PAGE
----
In the early stages of my career, I first needed to understand the environment I was in, what the market needed and what the driving force behind building my business was. Over the years my design language started to become stronger and today it is my signature. It is strong, assertive, geometric, sophisticated and has a sense of theatre. The desire to make my pieces more accessible to more people was very important. I believe it is sensible to expose more and more beautiful furniture pieces to our Australian market.
My pieces share a very similar philosophy – less is more (Mies Van Der Rohe). The process of removing layers, not only gives it a more minimalist aesthetic but reduces the time and material cost of producing a piece. A lower cost makes it more accessible for people to own a piece that is designed and made for life.
ADR: Your business model seems informed by ideas around sustainability and localised domestic production. How important are these ideas to your business? Do you question whether it’d be easier and more profitable to save on costs by offshoring production and using cheaper materials?
FC: It is important to feed the skilled craftspeople we have in our country. If we don’t invest in their knowledge and skills then in the not-to-distant-future we will have that decision removed and we will be forced to produce our work offshore.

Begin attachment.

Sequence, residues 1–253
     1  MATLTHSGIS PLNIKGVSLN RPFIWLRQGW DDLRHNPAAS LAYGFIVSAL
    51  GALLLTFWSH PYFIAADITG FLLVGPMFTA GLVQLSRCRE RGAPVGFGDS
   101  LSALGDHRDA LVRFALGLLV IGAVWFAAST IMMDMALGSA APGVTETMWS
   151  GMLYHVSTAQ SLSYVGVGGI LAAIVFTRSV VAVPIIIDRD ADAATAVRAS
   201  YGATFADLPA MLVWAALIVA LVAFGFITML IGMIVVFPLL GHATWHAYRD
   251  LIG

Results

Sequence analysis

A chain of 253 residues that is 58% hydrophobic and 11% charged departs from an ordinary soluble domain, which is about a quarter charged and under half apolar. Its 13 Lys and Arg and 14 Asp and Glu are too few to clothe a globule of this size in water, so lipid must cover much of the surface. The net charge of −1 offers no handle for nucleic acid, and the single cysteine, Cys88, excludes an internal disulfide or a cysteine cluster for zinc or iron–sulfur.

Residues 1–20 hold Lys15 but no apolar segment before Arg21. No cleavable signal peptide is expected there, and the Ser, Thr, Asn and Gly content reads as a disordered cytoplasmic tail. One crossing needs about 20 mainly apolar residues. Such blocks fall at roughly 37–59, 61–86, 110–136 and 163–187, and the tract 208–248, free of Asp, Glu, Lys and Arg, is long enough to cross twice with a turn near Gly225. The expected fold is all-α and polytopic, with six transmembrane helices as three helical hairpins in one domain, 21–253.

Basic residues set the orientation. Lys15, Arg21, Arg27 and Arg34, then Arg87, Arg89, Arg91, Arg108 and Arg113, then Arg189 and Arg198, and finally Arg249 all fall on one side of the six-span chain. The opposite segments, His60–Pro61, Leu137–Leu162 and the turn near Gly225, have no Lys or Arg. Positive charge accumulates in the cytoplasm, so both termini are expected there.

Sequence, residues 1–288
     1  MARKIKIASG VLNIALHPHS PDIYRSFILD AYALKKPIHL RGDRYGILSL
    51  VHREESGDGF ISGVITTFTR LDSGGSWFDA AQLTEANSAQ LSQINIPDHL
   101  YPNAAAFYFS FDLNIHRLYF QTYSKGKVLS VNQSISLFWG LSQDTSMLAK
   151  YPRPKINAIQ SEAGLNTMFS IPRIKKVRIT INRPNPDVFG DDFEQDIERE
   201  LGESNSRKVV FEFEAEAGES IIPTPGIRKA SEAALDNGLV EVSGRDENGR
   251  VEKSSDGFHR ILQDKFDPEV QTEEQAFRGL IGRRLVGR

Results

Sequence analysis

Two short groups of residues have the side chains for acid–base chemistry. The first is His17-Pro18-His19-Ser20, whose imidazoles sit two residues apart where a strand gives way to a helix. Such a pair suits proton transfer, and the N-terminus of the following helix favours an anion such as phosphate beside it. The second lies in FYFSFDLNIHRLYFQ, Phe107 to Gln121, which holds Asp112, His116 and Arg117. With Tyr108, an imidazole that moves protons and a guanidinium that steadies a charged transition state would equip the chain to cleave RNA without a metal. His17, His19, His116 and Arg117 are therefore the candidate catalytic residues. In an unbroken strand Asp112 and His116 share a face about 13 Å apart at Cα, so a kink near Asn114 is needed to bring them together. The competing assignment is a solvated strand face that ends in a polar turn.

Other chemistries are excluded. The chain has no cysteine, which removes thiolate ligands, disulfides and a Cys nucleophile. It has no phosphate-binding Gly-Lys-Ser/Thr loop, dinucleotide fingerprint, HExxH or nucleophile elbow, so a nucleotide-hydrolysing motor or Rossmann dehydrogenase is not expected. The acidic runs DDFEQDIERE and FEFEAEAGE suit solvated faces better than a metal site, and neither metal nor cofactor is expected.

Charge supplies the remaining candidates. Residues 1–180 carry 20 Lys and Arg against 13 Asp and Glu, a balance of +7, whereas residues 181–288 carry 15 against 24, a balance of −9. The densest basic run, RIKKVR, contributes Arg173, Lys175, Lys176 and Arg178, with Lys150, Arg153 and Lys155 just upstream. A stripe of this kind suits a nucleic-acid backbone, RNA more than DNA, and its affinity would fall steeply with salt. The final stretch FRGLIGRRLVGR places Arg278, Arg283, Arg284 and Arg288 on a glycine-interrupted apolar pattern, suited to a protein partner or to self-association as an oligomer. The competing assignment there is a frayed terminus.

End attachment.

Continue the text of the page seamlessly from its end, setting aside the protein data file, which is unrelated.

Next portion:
As a young furniture designer – and I believe it is similar for most young designers – the relationship between maker and designer is very important for both. One cannot survive without the other. As designers, we are armed with information, materials and technologies, and our expectations have grown in regard to what is now possible. And that is more and more evident to the consumers in Australia. The internet and social media mean we all know what is possible. In order to meet and keep up with these demands, we rely heavily on our relationship with the maker and manufacturer. Without research and development, we then lack knowledge on construction feasibility, which makes it much harder to have products made offshore.